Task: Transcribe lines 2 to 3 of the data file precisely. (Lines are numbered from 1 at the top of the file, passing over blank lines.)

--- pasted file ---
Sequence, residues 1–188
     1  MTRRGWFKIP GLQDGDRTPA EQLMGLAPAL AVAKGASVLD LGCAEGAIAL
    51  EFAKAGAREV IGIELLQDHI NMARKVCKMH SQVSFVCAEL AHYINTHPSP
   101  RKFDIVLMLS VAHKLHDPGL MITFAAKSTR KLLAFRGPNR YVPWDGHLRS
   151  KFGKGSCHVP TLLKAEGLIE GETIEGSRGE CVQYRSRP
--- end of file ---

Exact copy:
     1  MTRRGWFKIP GLQDGDRTPA EQLMGLAPAL AVAKGASVLD LGCAEGAIAL
    51  EFAKAGAREV IGIELLQDHI NMARKVCKMH SQVSFVCAEL AHYINTHPSP